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106 hours later, a new house
TV reality show - Experts say an old Corvallis house was a danger to a young girl's fragile immune system
When members of the Byers family return from Disney World later this week, they won't recognize their moldy, dry-rot-stricken Corvallis home. Beginning today, about 2,000 volunteers -- including Oregon State University's NCAA champion baseball team, swinging demolition bats -- will transform the house in exactly 106 work hours for ABC's "Extreme Makeover: Home Edition." It's the first episode of the reality show to be shot in the state.

"The old barn-raisings were a community event where everybody got together," said Jim Chapman, president of Legend Homes of Portland, the contractor on the project. "That's how we're looking at this. I'm hoping it inspires the rest of the state to do something like this."

The show builds homes for disadvantaged families. The Byerses fit the bill.

Eight-year-old Jenessa was diagnosed with a rare aggressive cancer in January 2006. Nicknamed Boey, "the little warrior," by friends, she endured a year of chemotherapy and radiation, then became active in the fight against cancer. She started a foundation and has visited other cancer patients. Her cancer recently returned.

Rob and Rachel Byers bought the house on Northeast Granger Road as a fixer-upper, but mounting medical bills shelved that dream. Health care experts told the family that the home is dangerous to Jenessa's fragile immune system. The structure is filled with toxic mold and has dry rot, a faulty electrical system and an unstable foundation.

Her brother Joe, 12, suffers from asthma and has been living with his grandparents to avoid the home's unhealthy air.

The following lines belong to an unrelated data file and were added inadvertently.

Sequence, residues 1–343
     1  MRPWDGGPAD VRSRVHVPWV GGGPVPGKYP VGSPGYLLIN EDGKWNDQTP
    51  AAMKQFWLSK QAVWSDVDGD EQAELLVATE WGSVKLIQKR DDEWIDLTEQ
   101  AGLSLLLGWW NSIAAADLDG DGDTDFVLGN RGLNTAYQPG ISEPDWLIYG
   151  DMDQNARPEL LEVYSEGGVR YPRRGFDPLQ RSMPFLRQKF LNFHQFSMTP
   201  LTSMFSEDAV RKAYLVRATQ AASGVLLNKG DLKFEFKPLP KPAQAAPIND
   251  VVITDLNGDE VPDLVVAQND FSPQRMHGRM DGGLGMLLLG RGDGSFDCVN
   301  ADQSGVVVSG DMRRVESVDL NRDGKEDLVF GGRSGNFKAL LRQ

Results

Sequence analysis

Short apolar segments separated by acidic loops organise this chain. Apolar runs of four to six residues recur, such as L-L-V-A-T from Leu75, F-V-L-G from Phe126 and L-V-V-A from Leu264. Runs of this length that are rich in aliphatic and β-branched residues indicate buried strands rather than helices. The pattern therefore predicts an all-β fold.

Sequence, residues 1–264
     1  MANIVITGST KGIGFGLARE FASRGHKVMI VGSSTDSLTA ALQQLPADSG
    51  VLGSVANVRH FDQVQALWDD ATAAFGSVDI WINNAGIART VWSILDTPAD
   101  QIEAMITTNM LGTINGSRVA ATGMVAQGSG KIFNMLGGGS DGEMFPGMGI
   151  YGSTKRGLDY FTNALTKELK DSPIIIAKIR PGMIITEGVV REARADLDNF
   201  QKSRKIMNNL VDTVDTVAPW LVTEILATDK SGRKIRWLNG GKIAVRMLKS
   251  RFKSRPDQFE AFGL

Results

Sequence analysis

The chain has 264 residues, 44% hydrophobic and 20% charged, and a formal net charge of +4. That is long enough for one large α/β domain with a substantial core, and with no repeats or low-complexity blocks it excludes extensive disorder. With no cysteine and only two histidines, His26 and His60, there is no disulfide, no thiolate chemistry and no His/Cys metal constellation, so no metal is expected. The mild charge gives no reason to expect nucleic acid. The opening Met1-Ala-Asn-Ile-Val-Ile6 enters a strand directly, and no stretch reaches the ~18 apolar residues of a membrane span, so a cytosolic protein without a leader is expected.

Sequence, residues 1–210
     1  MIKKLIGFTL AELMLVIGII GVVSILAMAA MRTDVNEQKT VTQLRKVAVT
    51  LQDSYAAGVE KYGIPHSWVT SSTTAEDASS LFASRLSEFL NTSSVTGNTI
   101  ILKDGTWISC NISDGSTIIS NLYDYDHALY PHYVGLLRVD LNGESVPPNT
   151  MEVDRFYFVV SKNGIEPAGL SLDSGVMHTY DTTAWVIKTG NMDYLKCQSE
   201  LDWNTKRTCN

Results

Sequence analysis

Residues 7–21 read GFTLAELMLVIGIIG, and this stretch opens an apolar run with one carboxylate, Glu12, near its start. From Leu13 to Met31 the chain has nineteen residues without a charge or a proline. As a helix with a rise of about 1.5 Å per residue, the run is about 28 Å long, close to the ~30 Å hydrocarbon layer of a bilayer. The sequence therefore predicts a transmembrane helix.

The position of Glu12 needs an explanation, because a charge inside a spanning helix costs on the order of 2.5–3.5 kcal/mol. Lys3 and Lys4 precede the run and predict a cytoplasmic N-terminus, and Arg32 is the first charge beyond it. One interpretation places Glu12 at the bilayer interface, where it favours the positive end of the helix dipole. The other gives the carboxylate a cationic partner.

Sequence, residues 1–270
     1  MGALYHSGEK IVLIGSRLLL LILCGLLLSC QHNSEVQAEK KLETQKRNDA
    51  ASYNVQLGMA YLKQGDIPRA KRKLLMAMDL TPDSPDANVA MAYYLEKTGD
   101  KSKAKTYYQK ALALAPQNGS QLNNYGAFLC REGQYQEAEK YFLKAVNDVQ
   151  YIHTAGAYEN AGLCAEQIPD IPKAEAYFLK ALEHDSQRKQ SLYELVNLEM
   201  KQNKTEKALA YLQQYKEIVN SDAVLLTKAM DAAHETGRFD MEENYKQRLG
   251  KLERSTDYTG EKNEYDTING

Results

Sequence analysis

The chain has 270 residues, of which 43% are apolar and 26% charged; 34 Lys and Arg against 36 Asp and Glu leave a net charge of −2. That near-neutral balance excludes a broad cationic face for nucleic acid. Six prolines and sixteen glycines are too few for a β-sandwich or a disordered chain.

The show's producers whisked the family away Sunday. They have no idea what they will find when they return Saturday morning.

"They have no clue what's being built, what it's going to look like, what's in it or anything about it, except their old house is going away while they are on vacation," Chapman said.

Chapman met the Byerses on Saturday while they were packing. "They were awfully excited, I can tell you that," he said. "They are coming from a very desperate situation."

The home sits on a gorgeous two-acre lot with a creek running through the back, he said. "But the house has some serious problems."

Chapman said he normally would shy away from attempting such a project in five days, but the sheer number of volunteers, including 45 framers, and the commitment of the subcontractors and suppliers give him confidence the job can be done, and done right.

Designer Mark Stewart of Tualatin also designed a home for a "Makeover" episode shot in Oklahoma.

"They're getting a custom home," Chapman said. "It's a pretty amazing feat."

Written By:  http://www.oregonlive.com/news/oregonian/index.ssf?/base/news/1183951515281360.xml&coll=7 
Date Posted: 2007-07-09  

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